Wednesday, October 29, 2003 at 12:47 PM
The Dayton Synchronettes won their 13th overall national title last weekend at the U.S. Masters Synchronized Swimming Championship in Cleveland. That left the home team, the Brecksville Blue Dolphins, trailing far behind after teams from California, D.C. and Michigan. But Northeast Ohio can still hold its head high. The Masters Championship brought about 500 people to Cleveland who spent roughly $175,000. As part of Making Change: Reinventing Our Economy, ideastream's Shula Neuman dives into the economic value of amateur athletic events like the one that made a splash this past weekend.
U.S. Masters Synchronized Swimming Championship - Photos
View a gallery of photos from the event taken by Shula Neuman.
Announcer: Swimmer number nine from the Brecksville Blue Dolphins, Kim Colten...
In her sparkling swimsuit, hair securely gelled into to a bun and nose clip firmly clamped on her nose, the competitor assumes a statue-like pose. Then the music starts.
And Kim dives into the pool, emerging feet first and performing a series of turns, kicks and splits before coming up for air. So it went last weekend at Cleveland State University for about 260 competitors in the U.S. Master's Synchronized Swimming Championship - or synchro to those in the know. Now, you may be wondering: Cleveland and Synchro? What's the connection?
Pat Craft: For us it was really the willingness to help. They understood they don't know much about synchro, which is normal.
Pat Craft is business development manager for U.S. Synchronized Swimming, the governing body for the sport. He says ignorance didn't stop the Greater Cleveland Sports Commission from accommodating the group's every need.
Pat Craft: We feel we're an important event. And we want to be important; we don't want to be second best to anyone. I don't care if you bring the Superbowl, we want to be in their eyes as important and that's how they treat us. That's how it's been here. Like I said, Cleveland has - they're really on the radar screen for a lot of the national governing bodies.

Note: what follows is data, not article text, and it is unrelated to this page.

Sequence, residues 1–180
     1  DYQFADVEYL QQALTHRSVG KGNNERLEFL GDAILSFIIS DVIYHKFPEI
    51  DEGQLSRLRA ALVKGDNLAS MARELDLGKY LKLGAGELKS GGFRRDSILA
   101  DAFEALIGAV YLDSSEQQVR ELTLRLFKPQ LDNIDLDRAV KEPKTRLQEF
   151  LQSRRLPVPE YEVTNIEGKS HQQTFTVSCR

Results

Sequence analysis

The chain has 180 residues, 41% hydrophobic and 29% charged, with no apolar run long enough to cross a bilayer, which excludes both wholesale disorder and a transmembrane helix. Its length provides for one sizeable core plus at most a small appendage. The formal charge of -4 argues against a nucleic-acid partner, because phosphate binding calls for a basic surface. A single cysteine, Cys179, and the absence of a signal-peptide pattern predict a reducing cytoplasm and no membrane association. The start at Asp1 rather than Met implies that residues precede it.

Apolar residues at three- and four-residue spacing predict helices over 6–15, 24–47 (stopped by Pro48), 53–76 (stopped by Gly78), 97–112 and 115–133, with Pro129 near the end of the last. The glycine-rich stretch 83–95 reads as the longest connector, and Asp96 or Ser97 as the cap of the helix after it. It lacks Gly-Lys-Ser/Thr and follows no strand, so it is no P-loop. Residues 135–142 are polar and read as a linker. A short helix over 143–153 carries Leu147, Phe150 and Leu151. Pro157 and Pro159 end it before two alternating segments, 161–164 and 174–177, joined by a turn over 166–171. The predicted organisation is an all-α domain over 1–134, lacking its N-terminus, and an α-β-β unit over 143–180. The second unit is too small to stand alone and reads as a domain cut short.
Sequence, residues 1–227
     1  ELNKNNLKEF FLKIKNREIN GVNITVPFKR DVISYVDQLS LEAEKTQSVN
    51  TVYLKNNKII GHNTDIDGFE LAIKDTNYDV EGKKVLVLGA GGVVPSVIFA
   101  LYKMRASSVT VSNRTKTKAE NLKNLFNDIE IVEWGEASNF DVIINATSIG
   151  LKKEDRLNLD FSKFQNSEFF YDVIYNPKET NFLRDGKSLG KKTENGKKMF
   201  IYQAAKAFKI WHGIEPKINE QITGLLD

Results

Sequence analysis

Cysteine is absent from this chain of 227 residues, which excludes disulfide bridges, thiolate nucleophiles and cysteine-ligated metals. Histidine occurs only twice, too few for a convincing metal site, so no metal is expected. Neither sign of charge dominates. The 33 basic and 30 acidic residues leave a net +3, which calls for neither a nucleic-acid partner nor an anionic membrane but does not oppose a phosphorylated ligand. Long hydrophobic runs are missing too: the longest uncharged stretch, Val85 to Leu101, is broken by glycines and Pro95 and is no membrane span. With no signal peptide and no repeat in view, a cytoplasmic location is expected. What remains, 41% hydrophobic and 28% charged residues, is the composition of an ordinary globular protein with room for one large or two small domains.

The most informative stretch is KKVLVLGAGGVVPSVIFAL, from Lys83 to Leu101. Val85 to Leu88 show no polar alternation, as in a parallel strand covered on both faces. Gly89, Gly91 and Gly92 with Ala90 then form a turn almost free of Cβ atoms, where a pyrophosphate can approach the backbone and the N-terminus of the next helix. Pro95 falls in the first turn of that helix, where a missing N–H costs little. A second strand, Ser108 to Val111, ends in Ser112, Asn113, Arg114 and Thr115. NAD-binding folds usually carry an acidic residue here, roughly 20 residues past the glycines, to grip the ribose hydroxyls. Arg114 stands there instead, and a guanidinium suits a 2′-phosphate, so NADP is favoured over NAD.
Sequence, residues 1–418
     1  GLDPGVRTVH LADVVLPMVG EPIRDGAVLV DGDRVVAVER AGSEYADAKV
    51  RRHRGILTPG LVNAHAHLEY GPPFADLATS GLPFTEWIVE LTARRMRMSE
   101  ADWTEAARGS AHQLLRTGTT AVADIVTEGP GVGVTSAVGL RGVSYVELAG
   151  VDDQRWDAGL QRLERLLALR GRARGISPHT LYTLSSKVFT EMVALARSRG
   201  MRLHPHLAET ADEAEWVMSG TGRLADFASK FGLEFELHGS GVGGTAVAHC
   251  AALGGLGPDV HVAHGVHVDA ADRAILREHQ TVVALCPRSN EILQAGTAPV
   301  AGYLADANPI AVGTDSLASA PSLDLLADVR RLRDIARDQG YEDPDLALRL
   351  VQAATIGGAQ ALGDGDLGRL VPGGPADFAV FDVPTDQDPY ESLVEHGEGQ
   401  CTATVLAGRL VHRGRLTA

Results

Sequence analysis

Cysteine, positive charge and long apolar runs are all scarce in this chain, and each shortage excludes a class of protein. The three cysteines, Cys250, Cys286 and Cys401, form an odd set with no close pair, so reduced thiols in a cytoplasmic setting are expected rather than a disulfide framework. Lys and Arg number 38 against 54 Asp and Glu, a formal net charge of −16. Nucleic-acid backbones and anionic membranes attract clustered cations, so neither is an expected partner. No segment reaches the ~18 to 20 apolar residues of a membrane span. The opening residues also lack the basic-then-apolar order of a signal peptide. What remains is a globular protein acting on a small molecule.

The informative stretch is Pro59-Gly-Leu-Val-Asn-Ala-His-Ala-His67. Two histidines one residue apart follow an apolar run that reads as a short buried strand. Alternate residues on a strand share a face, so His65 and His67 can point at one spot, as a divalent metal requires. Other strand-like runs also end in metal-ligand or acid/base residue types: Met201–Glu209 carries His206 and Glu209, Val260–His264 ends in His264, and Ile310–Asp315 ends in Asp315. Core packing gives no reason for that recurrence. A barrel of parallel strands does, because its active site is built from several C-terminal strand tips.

There's been wrestling and diving championships, equestrian pony finals, judo and wheelchair games. With five years under its belt, the Sports Commission is responsible for raising the profile of Northeast Ohio as the place to hold major amateur sporting events. David Gilbert, president and CEO of the Sports Commission, says it's the smaller events that make or break a city's reputation. Take the synchro competition, for example.
David Gilbert: We've never hosted a national synchronized swim event in Cleveland. So, you do well with this and there's opportunity for others. Quite frankly, in the Olympic movement, you do well with any and the word spreads and it helps you get other events.
Of course, the big events boost the city's status, too. The U.S. Gymnastics Championships in 2002 was a biggie, so are the Gravity Games. The International Children's Games are coming up next year and the NCAA Women's Final Four in 2007. Gilbert says each successful event lures another, which in turn attracts money to the region. Gilbert brags that in all, the commission has a $165,000,000 economic impact - that's including all 45 events the commission has lined up through 2007.
David Gilbert: If you get one or two major events a year, an event that fills an arena, an event that has national television exposure, I think you're doing very well. But also need another six, eight ten events that are small or medium that the biggest benefit may be that they fill hotel rooms.
The synchro championship filled about 500 hotel rooms for four nights last week.
Mark Rosentraub: In the realm of things, you say, "well, what's 500 people." Very small.
Mark Rosentraub, dean of the school of urban affairs at Cleveland State University.
Mark Rosentraub: But if you have these kinds of things happening on a regularized basis it becomes an important part of the cash flow of the city of Cleveland.
Rosentraub says considering the paltry condition of the city's finances, those 500-person events on a regular basis could have a significant impact on the city's well-being as well as the region's.
Mark Rosentraub: When Cleveland hosts the high school wrestling championships, this is very important for the region because we bring a lot of people in from the state of Ohio. It's very important for the city of Cleveland, because a lot of people stay downtown. That generates money for the city that has to be very focused on the amount of revenue that it produces.
What's more, amateur sports have a greater benefit to our economy than our professional sports teams, Rosentraub says. The Browns and Indians entertain the locals, mostly, which brings money from the suburbs to the city. But amateur sports draw outsiders, and those visitors spend their money checking out Cleveland. In other words, the $175,000 the synchro championship generated was new money from places outside of Northeast Ohio. According to U.S. Synchro's Pat Clark, the swimmers found a lot of opportunities to spend in Cleveland.
Pat Clark: And everyone was commenting on the theatre. I was not aware about Les Mis and all those shows that are in town. The big thing here is the restaurants, everyone loves to eat and so the wide array of restaurants has really been cool. That's a nice plus here.
So, while these events allow visiting athletes to sample Cleveland's gastronomical selection, they also give the locals a chance to broaden their athletic palate. There's a weight-lifting championship coming up in November. And next year you can check out speed skating, jump rope and platform tennis championships-just to name a few. In Cleveland, Shula Neuman, 90.3.